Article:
U.S. Couldn't 'Survive Another Four Years' of President Trump, Congressman Adam Schiff Says

Democratic Congressman Adam Schiff voiced concerned Sunday that the United States would not be able to "survive another four years" of President Donald Trump, warning that the president has divided Americans instead of uniting them.

Schiff, who represents California and chairs the House Intelligence Committee, made these comments during an interview on ABC's This Week on Sunday. Asked by host George Stephanopoulos if he believed Trump could be elected again in 2020, Schiff stated firmly: "That's not gonna happen."

Chairman of the House Intelligence Committee Adam Schiff speaks at a press conference discussing the release of the redacted Mueller report on April 18 in Burbank, California Mario Tama/Getty Images

"I don't think this country could survive another four years of a president like this, who gets up every day trying to find new and inventive ways to divide us," the congressman warned. "He doesn't seem to understand that a fundamental aspect of his job is to try to make us a more perfect union. But that's not at all where he's coming from."

Looking confident, Schiff said: "He's going to be defeated, he has to be defeated." The representative cautioned that he didn't know "how much more our Democratic institutions can take of this kind of attack on the rule of law."

Democrats and some conservative critics of the president have argued that the government is currently experiencing a "constitutional crisis," as the Trump administration has refused to comply with a series of subpoenas from Congress.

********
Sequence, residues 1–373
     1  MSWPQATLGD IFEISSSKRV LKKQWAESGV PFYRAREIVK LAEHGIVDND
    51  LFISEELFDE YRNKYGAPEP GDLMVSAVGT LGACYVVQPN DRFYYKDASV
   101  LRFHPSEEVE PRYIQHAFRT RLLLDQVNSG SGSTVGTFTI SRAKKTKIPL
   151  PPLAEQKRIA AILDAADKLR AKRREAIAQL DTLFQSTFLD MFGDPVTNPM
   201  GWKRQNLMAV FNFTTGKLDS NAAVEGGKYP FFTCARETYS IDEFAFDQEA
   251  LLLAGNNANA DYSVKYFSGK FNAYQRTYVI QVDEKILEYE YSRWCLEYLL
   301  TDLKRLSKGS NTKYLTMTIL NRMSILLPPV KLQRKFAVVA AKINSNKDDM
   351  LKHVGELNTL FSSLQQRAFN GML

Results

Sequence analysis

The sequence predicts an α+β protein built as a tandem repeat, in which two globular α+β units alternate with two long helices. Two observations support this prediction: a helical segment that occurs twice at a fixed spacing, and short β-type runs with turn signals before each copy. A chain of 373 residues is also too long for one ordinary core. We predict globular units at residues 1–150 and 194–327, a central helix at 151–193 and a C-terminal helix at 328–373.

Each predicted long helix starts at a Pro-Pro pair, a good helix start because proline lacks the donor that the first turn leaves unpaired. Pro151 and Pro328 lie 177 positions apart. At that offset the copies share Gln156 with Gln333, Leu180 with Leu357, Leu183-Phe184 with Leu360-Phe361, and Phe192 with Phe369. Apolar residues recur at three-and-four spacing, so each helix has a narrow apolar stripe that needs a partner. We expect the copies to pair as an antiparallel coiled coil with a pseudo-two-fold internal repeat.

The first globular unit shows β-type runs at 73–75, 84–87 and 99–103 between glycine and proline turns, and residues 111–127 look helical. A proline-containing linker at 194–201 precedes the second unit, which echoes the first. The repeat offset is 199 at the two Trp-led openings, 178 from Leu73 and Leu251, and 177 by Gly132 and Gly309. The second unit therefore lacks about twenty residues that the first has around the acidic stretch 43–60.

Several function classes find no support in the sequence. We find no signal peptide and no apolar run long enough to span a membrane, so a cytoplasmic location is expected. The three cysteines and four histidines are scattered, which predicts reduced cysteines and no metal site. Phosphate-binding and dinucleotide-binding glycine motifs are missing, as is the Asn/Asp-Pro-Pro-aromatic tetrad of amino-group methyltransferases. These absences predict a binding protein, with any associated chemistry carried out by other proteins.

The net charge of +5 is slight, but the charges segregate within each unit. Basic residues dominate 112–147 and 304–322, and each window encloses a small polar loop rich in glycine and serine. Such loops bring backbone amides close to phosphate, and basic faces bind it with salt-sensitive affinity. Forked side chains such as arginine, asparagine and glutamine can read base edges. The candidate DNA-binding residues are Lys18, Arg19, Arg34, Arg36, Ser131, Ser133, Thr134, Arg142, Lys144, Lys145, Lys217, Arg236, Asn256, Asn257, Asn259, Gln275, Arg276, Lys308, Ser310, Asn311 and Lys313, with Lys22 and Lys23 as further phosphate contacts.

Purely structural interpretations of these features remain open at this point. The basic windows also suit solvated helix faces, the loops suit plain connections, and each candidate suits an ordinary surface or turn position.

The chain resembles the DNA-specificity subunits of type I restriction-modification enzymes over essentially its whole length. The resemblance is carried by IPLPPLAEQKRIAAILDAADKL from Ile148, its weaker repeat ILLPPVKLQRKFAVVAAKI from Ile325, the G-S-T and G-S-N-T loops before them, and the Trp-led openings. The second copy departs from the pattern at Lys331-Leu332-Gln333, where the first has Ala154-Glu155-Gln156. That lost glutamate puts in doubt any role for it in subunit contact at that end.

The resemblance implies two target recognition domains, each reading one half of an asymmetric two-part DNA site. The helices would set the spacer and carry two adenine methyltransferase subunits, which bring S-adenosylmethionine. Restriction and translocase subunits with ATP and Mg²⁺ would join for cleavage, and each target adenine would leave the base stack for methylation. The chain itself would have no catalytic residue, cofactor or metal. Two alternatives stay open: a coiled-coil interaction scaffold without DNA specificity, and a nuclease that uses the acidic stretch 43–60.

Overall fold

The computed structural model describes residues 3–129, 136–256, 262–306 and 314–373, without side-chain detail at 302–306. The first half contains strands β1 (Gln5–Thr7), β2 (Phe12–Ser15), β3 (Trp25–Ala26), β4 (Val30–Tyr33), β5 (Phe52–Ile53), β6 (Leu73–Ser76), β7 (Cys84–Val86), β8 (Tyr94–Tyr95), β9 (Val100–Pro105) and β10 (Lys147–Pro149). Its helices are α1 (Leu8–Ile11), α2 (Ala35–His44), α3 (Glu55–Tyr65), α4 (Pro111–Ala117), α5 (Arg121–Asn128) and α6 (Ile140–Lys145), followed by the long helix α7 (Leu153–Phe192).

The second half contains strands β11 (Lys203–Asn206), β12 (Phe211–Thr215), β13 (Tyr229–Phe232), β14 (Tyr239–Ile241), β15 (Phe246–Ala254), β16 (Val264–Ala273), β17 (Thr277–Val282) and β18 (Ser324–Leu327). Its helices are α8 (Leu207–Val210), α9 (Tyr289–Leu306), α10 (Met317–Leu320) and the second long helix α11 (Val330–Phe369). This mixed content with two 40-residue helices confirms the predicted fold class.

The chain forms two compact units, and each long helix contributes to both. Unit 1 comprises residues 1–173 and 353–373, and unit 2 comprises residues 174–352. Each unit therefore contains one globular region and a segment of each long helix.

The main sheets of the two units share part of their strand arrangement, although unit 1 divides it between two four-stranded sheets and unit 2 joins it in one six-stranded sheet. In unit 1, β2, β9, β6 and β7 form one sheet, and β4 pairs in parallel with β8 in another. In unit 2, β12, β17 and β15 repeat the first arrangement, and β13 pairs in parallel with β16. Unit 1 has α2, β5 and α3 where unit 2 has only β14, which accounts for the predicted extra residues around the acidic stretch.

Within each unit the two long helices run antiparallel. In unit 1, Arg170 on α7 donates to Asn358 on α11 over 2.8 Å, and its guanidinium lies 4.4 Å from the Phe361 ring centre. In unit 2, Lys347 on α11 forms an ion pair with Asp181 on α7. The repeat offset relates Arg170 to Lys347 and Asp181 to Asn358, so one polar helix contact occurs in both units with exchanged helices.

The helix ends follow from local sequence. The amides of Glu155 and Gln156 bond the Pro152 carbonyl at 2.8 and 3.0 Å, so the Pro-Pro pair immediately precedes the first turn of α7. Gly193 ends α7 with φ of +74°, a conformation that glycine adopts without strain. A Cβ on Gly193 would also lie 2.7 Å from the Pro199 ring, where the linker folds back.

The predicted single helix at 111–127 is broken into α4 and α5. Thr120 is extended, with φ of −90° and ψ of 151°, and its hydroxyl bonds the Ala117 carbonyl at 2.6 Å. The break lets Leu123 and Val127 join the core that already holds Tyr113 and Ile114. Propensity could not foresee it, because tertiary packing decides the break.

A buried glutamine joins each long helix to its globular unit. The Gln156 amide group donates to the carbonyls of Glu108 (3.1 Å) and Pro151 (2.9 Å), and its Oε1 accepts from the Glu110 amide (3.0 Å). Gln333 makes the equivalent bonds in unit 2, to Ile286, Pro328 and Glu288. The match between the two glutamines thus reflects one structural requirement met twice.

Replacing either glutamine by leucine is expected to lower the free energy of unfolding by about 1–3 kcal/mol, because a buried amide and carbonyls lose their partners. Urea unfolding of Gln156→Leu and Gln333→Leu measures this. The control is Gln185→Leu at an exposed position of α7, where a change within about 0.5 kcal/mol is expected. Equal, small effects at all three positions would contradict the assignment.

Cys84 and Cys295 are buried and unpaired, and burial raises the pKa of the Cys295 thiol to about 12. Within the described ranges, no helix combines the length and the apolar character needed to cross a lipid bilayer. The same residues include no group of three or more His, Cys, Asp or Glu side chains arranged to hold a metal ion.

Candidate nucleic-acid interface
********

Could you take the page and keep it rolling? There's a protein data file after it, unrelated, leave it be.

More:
The House Judiciary Committee voted last week to hold Attorney General William Barr in contempt for rejecting subpoenas to testify and to give Congress access to the full, unredacted Mueller report. Speaker of the House Nancy Pelosi, a Democrat who represents California, warned that lawmakers may hold more Trump officials in contempt for refusing to comply and preventing Congress from performing its oversight duties laid out in the Constitution.

Schiff said on This Week that the Trump administration "has decided to say a blank no, no to any kind of oversight whatsoever." He argued that "they're just stonewalling" and "want to drag this out as long as possible."

The president and his supporters have consistently dismissed any investigation into his administration as a purely partisan political attack and a "witch hunt." Trump has claimed "executive privilege" as his legal argument against complying with the Congressional probes.

Rally attendees hold up Trump 2020 signs as President Donald Trump speaks during a Make America Great Again rally in Panama City Beach, Florida on May 8 BRENDAN SMIALOWSKI/AFP/Getty Images

Republican Senator Rand Paul of Kentucky, defended Trump in an interview on This Week following Schiff.

"I think since the very beginning this all has been politically motivated," he argued. Paul criticized Schiff and other Democrats for pushing forward with their investigations despite the conclusion of Special Counsel Robert Mueller's probe.

Although Mueller's report did not establish that Trump or his associates conspired with Russia during the 2016 presidential election, it did not draw a conclusion on the question of whether or not the president obstructed justice by interfering in the investigation.

Barr subsequently concluded, however, that the president had not committed a crime, leading to criticism from the special counsel, Democrats and some conservatives. Many have criticized the attorney general for his handling of the Mueller report's release, claiming he had acted more like a defense lawyer for the president than the nation's highest law enforcement official.